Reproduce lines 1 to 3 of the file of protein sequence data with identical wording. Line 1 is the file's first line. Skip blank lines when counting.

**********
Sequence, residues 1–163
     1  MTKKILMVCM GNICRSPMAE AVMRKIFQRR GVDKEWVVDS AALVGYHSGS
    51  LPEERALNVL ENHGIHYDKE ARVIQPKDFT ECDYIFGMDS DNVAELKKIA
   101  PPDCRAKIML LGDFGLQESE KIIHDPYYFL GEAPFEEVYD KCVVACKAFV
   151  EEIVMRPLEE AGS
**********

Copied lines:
Sequence, residues 1–163
     1  MTKKILMVCM GNICRSPMAE AVMRKIFQRR GVDKEWVVDS AALVGYHSGS
    51  LPEERALNVL ENHGIHYDKE ARVIQPKDFT ECDYIFGMDS DNVAELKKIA